Lesser saphenous vein

Lesser saphenous vein (LSV) is a common type of blood vessel in the body. They are found throughout the body including heart, lungs, kidneys, liver and spleen. LSVs have many functions such as oxygen transport through capillaries to tissues and blood flow. However they do not carry any nutrients or waste products from the tissues back to the circulation.

The smaller the veins, the less likely they will rupture. When they do rupture, it usually results in death due to massive hemorrhage within minutes.

LSVs are one of the most common causes of sudden cardiac arrest.

In rare cases, an LSV may become infected with bacteria or fungi causing a life threatening infection called septic shock. Severe infections caused by these organisms require immediate medical attention and often result in death if left untreated.

There are two types of LSV: venous and arterial. Venous LSVs are located deep inside the body near major arteries.

These veins supply blood to all parts of the body except the brain and spinal cord. There are three main types of venous veins: superficial, intermediate and deep.

Athletes have a higher risk for developing venous leg ulcers because their legs tend to move around during exercise. This constant rubbing puts pressure on veins in the leg and can cause them to weaken and break.

This condition is known as venous insufficiency.

Athletes also have another reason for developing leg ulcers: dehydration. During exercise, athletes sweat heavily causing them to lose a lot of water and minerals.

If an athlete does not replenish these fluids, it can lead to dehydration and hypovolemic shock.

In addition, after intense exercise, the body continues to sweat. This continued sweating can lead to the loss of more water and minerals causing dehydration.

This cycle can be repeated multiple times during the course of a single workout.

It is very important for the athlete to drink water after they finish their activity because their body needs to replenish the fluids they lost. This is especially true in warm weather.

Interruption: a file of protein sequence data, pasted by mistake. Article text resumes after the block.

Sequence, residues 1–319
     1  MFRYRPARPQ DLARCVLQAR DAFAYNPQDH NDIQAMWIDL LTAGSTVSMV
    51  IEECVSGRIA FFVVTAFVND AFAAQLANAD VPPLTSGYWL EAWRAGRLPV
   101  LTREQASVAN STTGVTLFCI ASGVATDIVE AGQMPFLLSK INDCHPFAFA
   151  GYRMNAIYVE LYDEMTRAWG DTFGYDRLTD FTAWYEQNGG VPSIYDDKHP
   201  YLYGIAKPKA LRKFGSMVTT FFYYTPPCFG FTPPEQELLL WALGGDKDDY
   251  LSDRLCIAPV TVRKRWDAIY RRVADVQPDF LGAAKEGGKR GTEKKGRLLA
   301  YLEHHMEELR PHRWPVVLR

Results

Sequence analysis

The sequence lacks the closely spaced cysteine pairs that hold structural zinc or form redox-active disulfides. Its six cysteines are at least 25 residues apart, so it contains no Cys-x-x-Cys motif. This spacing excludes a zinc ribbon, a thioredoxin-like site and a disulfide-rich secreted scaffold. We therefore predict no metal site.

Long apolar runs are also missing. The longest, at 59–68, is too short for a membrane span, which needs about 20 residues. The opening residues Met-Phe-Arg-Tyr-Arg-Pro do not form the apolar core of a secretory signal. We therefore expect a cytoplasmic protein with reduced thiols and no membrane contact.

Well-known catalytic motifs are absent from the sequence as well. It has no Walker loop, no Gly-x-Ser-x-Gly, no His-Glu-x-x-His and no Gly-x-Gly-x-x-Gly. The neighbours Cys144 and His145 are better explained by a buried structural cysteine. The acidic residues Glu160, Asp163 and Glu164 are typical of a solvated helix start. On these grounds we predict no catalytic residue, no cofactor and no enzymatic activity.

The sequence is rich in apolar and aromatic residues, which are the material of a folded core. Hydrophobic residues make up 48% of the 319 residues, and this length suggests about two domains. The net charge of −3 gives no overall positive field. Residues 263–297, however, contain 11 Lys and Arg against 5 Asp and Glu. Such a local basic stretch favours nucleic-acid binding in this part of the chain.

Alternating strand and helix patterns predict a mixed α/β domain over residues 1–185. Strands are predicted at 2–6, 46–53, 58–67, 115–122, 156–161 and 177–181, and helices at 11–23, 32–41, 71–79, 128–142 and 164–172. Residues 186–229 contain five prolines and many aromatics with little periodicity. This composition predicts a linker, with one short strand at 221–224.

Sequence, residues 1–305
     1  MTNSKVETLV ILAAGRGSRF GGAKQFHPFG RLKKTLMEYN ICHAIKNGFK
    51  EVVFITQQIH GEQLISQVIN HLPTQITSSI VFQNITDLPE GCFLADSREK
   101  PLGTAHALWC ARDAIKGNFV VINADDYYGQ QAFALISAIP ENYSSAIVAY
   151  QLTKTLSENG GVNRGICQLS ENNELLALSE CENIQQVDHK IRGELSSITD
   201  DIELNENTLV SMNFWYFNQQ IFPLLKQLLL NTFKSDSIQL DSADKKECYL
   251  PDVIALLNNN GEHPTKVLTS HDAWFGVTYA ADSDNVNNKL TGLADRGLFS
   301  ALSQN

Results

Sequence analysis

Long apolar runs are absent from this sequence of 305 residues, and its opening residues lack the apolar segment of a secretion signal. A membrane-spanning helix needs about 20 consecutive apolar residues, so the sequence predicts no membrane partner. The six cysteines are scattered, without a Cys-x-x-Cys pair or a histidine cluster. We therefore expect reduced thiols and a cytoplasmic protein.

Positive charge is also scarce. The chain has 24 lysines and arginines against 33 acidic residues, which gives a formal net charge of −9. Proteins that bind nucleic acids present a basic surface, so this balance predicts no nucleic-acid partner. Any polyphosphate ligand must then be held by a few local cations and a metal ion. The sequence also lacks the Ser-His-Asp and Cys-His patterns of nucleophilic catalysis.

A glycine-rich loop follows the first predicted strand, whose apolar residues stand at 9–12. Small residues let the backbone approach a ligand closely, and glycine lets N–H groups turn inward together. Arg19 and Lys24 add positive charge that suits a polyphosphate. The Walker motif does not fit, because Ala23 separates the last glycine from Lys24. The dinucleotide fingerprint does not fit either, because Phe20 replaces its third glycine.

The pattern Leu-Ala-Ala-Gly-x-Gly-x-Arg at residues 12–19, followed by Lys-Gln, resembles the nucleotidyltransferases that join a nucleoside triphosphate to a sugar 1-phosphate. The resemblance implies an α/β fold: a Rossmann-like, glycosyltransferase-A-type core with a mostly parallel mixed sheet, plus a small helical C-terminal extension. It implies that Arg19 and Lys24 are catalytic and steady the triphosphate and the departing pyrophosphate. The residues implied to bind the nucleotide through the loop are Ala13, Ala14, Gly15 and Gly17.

The well-prepared athlete will make sure to have a water bottle with them before they start their activity and will drink from it at regular intervals during their workout.

Older people who have peripheral artery disease experience similar symptoms as that of athletes who develop venous leg ulcers. However in this case, the body is not getting enough blood to the legs.

This leads to a lack of oxygen in the area and eventually gangrene develops.

A peripheral artery disease can cause a person to experience extreme pain, especially during physical activity. At rest, the pain is manageable but during walking or other forms of physical activity, the pain becomes very severe.

The skin around the ankle will become pale due to lack of oxygenated blood.

Arterial leg ulcers develop when arterial blood vessels in the leg become damaged. The most common cause for this condition is atherosclerosis, a narrowing of the artery due to plaque buildup.

Other risk factors for developing arterial leg ulcers include: smoking, high blood pressure, high cholesterol and diabetes.

The pain from an arterial leg ulcer is very severe and it can be accompanied by tingling or loss of feeling in the foot.

Treatments for leg ulcers vary and are determined by the type of ulcer.

A compression stocking or boot can help decrease the pain and swelling in a venous leg ulcer. In addition, patients with venous leg ulcers should avoid walking or standing for long periods of time to prevent the ulcer from getting worse.

A doctor may recommend surgery or prescribe medicine to help treat the condition.

The goal of treating an arterial leg ulcer is to lower the pressure in the leg. This can be done by elevating the legs and using elastic bandages to wrap them.

The doctor may also suggest using a foam mattress or other supportive devices.

Most leg ulcers do not cause noticeable damage to the skin because they are often superficial. However, if an ulcer causes a notable loss of skin, the doctor will most likely recommend surgical removal.

The ulcer should then heal with minimal scaring or discoloration.

Treating leg ulcers is absolutely necessary to avoid further complications. In addition to treating the ulcer, doctors also treat any underlying conditions that may have caused it.

In most cases, leg ulcers are minor and heal on their own with proper treatment. If the ulcer keeps coming back or bleeding occurs, medical assistance is necessary.

Complications may arise if a person fails to seek treatment for their ulcer. For example, an untreated venous leg ulcer may lead to serious tissue death called necrosis.

If this occurs, surgery may be needed to remove the dead tissue. Severe arterial ulcers can also lead to gangrene and possible amputation of the affected limb.